In my previous post “4 myths about checklists” I referred to the book “The Checklist Manifesto” and how we make stupid mistakes because we fail to apply the knowledge we have correctly.

Most of the examples that Atul Gawande uses are complex tasks that require collaboration in a specific sequence – and where they must learn from each repetition. Making complex knowledge actionable is the essence of a checklist. So we don’t get to avoid this complexity if we want to reap the real benefits of checklists.

Repetition changes the game

Examples of complex, repeatable tasks are everywhere: the daily routine in a restaurant, at a hospital, or at a construction site. In all these cases repetition is the key. To illustrate why try to imagine if each workday in a restaurant, an operating room or a construction site was done by new people. If there was no connection to what happened the day before. What would happen? Each task would be completed differently and lots of mistakes would be made. For the employee, the situation would be new, so it would be hard to blame him or her. The customer, however, would expect that the learning from all the days that came before would be applied in this case.

“Repetition makes reputation and reputation makes customers.” Elizabeth Arden

Many complex tasks are treated as projects although they are not. Let’s quickly revisit the definition of a project:

“A project is a temporary endeavor undertaken to create a unique product, service, or result.”
The Project management Institute

With this definition, how many tasks are truly unique?

  • Building a house?
  • Performing an operation?
  • Onboarding a customer?
  • Delivering a solution (that we have done before)?

My point is that many complex tasks are treated as projects when they, in fact, are processes consisting of repeatable tasks. If you treat repeatable tasks as projects, then you don’t organise to learn from case to case. You don’t get the value from repetition. If every case is considered to be unique and done by different people that you will not learn and are bound to repeat mistakes. This is why repetition changes the game when it comes to checklists as tools for applying knowledge.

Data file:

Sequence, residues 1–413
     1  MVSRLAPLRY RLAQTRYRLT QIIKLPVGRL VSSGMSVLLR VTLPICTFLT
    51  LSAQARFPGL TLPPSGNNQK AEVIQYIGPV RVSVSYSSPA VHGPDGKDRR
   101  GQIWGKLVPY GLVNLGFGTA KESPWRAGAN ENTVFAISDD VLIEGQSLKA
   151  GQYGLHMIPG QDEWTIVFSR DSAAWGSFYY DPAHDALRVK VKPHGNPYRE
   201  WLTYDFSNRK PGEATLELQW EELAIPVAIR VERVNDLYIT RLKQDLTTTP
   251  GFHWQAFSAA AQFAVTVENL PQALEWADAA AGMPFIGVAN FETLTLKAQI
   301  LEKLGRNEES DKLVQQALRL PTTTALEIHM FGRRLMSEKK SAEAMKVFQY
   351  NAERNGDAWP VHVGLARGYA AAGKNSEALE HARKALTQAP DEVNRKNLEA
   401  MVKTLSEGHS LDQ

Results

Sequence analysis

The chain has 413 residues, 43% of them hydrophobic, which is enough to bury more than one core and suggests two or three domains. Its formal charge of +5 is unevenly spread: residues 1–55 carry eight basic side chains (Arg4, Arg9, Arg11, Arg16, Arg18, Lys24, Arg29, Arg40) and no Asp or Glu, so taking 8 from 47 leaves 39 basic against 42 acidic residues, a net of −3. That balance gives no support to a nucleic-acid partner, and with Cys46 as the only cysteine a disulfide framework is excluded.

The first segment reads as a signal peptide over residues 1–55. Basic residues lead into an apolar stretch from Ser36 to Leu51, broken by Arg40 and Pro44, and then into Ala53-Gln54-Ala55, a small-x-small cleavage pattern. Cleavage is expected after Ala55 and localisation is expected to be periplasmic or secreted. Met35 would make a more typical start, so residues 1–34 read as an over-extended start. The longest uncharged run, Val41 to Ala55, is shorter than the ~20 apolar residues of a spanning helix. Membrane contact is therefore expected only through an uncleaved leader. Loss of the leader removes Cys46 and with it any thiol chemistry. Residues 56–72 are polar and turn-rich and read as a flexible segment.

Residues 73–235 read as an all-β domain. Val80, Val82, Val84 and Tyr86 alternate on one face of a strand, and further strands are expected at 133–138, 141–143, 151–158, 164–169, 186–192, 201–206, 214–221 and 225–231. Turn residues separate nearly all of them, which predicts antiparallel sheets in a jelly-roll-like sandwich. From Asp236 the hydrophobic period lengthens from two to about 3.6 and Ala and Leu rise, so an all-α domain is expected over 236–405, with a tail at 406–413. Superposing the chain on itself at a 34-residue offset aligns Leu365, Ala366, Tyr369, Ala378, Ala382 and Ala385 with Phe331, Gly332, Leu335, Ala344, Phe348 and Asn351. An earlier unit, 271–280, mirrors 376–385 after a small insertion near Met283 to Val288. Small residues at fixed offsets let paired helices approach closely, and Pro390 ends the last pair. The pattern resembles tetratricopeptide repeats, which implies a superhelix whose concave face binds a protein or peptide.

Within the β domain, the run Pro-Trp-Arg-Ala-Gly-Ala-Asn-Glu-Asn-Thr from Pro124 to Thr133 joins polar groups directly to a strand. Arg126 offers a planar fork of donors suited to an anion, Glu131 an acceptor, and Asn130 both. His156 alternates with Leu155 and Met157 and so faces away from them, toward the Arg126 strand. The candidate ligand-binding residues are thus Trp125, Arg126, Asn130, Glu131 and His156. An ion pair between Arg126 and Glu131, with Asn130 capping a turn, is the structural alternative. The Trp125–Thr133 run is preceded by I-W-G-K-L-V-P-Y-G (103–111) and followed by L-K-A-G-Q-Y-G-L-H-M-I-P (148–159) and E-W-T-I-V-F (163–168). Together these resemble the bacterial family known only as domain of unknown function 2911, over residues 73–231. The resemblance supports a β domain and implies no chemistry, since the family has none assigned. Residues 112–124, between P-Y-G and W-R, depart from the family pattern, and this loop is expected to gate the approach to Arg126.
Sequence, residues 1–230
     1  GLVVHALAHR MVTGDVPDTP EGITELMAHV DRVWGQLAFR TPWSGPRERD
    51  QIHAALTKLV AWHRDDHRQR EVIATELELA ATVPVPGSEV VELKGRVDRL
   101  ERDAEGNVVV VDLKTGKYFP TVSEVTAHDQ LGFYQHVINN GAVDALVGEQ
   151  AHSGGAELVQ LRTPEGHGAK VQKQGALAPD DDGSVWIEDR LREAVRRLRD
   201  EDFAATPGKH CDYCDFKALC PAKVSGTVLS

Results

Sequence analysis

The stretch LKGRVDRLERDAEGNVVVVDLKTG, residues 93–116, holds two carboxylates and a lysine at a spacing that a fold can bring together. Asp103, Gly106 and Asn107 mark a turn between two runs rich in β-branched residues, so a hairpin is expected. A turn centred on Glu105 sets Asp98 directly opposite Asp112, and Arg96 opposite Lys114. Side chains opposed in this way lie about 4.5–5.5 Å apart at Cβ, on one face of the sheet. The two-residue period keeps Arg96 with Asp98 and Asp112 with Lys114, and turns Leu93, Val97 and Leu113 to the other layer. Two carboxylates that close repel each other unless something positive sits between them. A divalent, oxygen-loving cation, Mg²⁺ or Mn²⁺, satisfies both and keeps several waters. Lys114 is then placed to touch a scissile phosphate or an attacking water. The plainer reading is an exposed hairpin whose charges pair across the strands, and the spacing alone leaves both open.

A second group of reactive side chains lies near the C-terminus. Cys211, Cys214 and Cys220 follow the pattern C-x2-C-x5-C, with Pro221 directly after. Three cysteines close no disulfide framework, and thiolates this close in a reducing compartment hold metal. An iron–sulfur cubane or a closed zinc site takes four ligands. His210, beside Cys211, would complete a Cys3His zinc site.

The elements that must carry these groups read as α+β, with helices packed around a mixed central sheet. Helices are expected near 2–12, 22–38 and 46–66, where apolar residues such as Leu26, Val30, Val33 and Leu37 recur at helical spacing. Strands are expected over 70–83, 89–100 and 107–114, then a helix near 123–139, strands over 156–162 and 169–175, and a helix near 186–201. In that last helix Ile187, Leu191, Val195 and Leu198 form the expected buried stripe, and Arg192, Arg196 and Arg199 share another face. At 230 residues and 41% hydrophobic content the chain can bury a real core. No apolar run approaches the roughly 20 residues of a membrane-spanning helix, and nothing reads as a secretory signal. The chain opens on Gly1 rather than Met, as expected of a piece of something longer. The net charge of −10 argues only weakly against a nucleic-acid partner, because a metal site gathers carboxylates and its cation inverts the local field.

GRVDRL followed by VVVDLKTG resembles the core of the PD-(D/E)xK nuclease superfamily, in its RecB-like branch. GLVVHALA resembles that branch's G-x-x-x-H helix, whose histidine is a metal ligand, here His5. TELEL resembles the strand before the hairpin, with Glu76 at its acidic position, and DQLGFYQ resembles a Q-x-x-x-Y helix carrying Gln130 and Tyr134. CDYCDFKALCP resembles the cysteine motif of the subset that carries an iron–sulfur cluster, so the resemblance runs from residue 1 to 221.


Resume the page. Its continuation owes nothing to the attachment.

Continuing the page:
This means that if we use project management tools as checklist software, then we are not set up to learn from repetition. For advanced checklists, we need checklist software that is quite different from the simpler scenarios that I talked about earlier.

Here are some examples of features to consider when selecting the appropriate checklist software for your needs:

When it comes to choosing the right checklist software for your specific requirements, it’s essential to consider various features that can enhance your checklist management. Below, we’ve outlined some key features to keep in mind during your selection process. Let’s explore two samples of key features below:

Monitor task completion

Task log documents show if tasks are done in time, too late or not done.

Shared task calendars

Filter to create custom task calendars for roles, departments or standards. 

Nine success factors for checklist software

So, if checklists are not about remembering one-off tasks but about carrying forward what we have learned, then what does our checklist software need to do?

1. Tasks are done by connecting with roles, not individuals.

If a restaurant says that Peter must do this every day, then success will be tied to Peter and guests will suffer when he is not there. So it’s about what the Waiter as a role must do.

2. Visual work instructions are close to tasks.

Performing a complex task requires guides and instructions that are available right when the task is due. E.g. the service of the advance coffee maker in the restaurant is not done if the waiter doesn’t know how to run it. Tools and instructions will be different by task so this increases complexity.

3. The task sequence is clear.

If the waiter has a specific sequence for opening, then tasks must show in this sequence. Also, if waiters first need to complete their tasks before the hostess can welcome guests, then this must also be clear.

4. Tasks are repeatable automatically

Once you set up a task then it should automatically be repeated for the period you decide. You should also be able to pause tasks, rather than having to delete them (and their history).

5. Tasks are shown at the right time.

If the chef needs to quality assure the new deliveries every morning, then tasks should show and expire at this time only.

6. It is clear who does what.

If the chef does part of the quality control and the kitchen hand the rest, then tasks and instructions must be clearly separated.

7. Task performance is transparent.

History must be captured for reporting but also for learning. E.g. the restaurant manager must be able to see which percentage of tasks that are not done on time – by role and area.